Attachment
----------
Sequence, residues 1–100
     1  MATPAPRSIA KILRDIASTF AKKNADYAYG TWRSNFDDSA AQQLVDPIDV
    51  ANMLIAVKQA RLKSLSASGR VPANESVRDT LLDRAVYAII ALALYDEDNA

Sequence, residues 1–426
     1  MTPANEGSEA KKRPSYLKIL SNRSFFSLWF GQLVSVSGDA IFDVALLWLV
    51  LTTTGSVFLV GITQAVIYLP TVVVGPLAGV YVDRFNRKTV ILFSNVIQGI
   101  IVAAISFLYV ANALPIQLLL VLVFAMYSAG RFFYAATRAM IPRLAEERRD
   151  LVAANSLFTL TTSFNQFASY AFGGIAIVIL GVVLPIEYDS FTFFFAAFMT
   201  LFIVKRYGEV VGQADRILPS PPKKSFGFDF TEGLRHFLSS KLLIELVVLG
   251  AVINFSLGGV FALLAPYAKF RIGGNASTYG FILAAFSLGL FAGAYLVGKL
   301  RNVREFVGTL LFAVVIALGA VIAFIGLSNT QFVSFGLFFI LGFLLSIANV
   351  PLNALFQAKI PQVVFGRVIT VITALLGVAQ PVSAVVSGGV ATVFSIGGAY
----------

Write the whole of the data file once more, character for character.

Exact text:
Sequence, residues 1–100
     1  MATPAPRSIA KILRDIASTF AKKNADYAYG TWRSNFDDSA AQQLVDPIDV
    51  ANMLIAVKQA RLKSLSASGR VPANESVRDT LLDRAVYAII ALALYDEDNA

Sequence, residues 1–426
     1  MTPANEGSEA KKRPSYLKIL SNRSFFSLWF GQLVSVSGDA IFDVALLWLV
    51  LTTTGSVFLV GITQAVIYLP TVVVGPLAGV YVDRFNRKTV ILFSNVIQGI
   101  IVAAISFLYV ANALPIQLLL VLVFAMYSAG RFFYAATRAM IPRLAEERRD
   151  LVAANSLFTL TTSFNQFASY AFGGIAIVIL GVVLPIEYDS FTFFFAAFMT
   201  LFIVKRYGEV VGQADRILPS PPKKSFGFDF TEGLRHFLSS KLLIELVVLG
   251  AVINFSLGGV FALLAPYAKF RIGGNASTYG FILAAFSLGL FAGAYLVGKL
   301  RNVREFVGTL LFAVVIALGA VIAFIGLSNT QFVSFGLFFI LGFLLSIANV
   351  PLNALFQAKI PQVVFGRVIT VITALLGVAQ PVSAVVSGGV ATVFSIGGAY